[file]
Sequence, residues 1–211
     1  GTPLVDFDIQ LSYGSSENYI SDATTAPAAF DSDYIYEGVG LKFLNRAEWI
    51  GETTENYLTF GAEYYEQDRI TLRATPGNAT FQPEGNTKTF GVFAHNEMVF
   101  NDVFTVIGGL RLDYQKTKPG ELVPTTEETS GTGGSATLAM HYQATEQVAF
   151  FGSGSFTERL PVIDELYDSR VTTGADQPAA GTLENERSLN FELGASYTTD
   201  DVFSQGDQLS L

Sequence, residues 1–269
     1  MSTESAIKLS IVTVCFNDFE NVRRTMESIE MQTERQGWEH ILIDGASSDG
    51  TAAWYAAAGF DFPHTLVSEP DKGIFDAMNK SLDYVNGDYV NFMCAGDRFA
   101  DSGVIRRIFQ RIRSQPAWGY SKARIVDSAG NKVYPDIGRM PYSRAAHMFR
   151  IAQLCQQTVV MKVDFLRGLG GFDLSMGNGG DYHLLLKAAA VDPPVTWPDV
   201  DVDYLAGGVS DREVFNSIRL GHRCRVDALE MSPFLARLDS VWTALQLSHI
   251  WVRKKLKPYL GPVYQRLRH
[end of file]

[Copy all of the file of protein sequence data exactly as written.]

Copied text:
Sequence, residues 1–211
     1  GTPLVDFDIQ LSYGSSENYI SDATTAPAAF DSDYIYEGVG LKFLNRAEWI
    51  GETTENYLTF GAEYYEQDRI TLRATPGNAT FQPEGNTKTF GVFAHNEMVF
   101  NDVFTVIGGL RLDYQKTKPG ELVPTTEETS GTGGSATLAM HYQATEQVAF
   151  FGSGSFTERL PVIDELYDSR VTTGADQPAA GTLENERSLN FELGASYTTD
   201  DVFSQGDQLS L

Sequence, residues 1–269
     1  MSTESAIKLS IVTVCFNDFE NVRRTMESIE MQTERQGWEH ILIDGASSDG
    51  TAAWYAAAGF DFPHTLVSEP DKGIFDAMNK SLDYVNGDYV NFMCAGDRFA
   101  DSGVIRRIFQ RIRSQPAWGY SKARIVDSAG NKVYPDIGRM PYSRAAHMFR
   151  IAQLCQQTVV MKVDFLRGLG GFDLSMGNGG DYHLLLKAAA VDPPVTWPDV
   201  DVDYLAGGVS DREVFNSIRL GHRCRVDALE MSPFLARLDS VWTALQLSHI
   251  WVRKKLKPYL GPVYQRLRH